The effects of concurrent exposure to pyridostigmine, permethrin, and DEET on multiple fixed-ratio and fixed-interval schedules of reinforcement in rats have also been studied (van Haaren et al., 2001). Exposure to either pyridostigmine or permethrin decreased fixed-ratio and fixed-interval response rates, and DEET decreased both response rates but only at the highest dose. Synergistic effects were observed only on fixed-interval response rate. Those rates were decreased after concurrent exposure to half the dose of pyridostigmine and half the dose of permethrin that alone affected fixed-interval response rate. The rates were also decreased after concurrent exposure to half the effective dose of pyridostigmine and half the effective dose of DEET. In addition, the permeability of the blood-brain barrier of the rat was unaffected by permethrin and slightly decreased by DEET but substantially reduced by a combination of the two (Abou-Donia et al., 2001).
Lindane belongs to a class of insecticides known as the organochlorines. Lindane is the γ-isomer of 1,2,3,4,5,6-hexachlorocyclohexane (HCH). The insecticidal activity of HCH was discovered in 1942.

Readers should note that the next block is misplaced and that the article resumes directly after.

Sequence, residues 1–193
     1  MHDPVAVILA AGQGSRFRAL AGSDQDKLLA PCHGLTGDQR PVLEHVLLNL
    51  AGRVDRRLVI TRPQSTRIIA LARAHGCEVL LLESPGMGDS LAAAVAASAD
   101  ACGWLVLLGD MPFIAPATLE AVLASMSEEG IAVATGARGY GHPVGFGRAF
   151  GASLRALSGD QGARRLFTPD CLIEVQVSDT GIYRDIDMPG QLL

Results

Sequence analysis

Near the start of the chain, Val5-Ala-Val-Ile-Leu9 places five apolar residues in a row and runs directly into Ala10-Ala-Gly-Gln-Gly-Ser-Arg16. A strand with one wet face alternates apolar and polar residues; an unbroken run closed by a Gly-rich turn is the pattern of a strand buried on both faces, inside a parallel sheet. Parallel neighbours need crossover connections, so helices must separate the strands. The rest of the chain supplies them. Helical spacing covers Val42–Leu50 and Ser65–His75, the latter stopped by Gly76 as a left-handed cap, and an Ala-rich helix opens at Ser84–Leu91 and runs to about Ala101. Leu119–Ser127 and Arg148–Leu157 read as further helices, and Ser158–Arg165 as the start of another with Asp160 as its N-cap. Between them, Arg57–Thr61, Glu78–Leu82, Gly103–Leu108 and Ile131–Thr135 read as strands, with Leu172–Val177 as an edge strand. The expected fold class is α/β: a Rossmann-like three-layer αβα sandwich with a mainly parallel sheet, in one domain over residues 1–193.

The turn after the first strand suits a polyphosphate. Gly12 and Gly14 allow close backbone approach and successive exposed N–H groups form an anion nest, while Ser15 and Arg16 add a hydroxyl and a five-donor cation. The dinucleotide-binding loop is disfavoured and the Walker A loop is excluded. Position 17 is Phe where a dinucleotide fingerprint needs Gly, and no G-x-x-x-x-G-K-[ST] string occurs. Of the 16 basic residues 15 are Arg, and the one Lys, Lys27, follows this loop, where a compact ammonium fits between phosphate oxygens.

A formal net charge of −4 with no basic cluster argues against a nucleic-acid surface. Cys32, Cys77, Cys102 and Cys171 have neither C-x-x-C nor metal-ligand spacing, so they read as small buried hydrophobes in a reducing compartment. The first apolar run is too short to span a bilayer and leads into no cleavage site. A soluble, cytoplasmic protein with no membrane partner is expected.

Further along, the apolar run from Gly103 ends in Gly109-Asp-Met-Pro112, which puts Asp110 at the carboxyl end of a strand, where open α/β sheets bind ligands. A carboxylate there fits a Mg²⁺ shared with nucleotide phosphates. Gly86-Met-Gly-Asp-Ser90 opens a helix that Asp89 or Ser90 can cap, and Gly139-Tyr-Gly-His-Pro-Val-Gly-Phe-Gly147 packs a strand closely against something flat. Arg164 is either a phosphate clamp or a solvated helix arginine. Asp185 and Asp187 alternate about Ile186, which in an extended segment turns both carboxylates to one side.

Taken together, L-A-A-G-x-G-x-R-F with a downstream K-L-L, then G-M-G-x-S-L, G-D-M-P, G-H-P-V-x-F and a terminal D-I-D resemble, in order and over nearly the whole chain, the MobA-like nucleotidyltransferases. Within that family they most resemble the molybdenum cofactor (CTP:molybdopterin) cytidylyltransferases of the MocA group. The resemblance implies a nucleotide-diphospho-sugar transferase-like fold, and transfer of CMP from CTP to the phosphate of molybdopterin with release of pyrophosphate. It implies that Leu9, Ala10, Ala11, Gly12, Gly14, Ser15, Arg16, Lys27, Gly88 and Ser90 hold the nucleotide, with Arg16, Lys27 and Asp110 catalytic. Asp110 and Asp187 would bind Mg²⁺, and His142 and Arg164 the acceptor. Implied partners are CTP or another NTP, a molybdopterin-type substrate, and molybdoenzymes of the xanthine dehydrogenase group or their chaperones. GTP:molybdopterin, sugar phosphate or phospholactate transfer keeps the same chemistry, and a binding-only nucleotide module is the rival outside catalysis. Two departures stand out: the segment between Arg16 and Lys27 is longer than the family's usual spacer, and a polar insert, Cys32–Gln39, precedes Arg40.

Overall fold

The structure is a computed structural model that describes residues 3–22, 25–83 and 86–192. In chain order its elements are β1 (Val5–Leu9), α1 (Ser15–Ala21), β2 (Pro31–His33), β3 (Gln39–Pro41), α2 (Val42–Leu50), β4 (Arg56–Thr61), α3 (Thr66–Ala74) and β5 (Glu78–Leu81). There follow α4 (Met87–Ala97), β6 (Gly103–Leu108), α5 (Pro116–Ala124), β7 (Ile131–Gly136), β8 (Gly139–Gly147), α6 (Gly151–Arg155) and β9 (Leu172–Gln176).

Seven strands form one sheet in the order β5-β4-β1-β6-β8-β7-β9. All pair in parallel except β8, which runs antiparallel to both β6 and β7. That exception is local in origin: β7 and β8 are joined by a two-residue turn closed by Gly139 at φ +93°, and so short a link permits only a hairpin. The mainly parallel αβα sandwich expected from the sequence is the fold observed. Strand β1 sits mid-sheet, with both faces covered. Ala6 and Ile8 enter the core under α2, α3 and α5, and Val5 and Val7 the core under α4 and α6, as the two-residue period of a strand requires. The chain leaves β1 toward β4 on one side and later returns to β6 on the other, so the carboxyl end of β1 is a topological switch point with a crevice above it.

Use of most organochlorine compounds has been banned since the 1970s in many countries, including the United States, because of their environmental persistence (such as DDT), their ability to bioconcentrate, and their biomagnification (Ecobichon, 2001). Lindane is used for treatment of ectoparasites on humans and animals, and it is used by humans as a lotion and a shampoo (Kwell®) (Facts and Comparisons, 2001; Woolley et al., 1985).
Technical HCH is comprised of four major isomers, α-, β-, γ-, and δ-HCH, in which the concentration of lindane (the γ-isomer) can range from 12 to 99%. Lindane is the most toxic of the isomers; its insecticidal activity is 28–10,000 times higher than that of the others (Ullmann, 1972). Although it is a misnomer, “benzene hexachloride” is a common name used in the United States for the mixture of HCH isomers. The structure of lindane is shown in Figure 3.4.
Lindane is rapidly absorbed from the gastrointestinal tract. It is much more slowly absorbed dermally (Dick et al., 1997). Once absorbed, it can be metabolized by dehydrogenation, dehydrochlorination, and hydroxylation in the liver. The metabolites of lindane are less acutely toxic than lindane, so those metabolic pathways are considered detoxification pathways (Fitzloff et al., 1982). It is excreted as glucuronide, sulfate, and mercapturic acid conjugates (Copeland et al., 1986).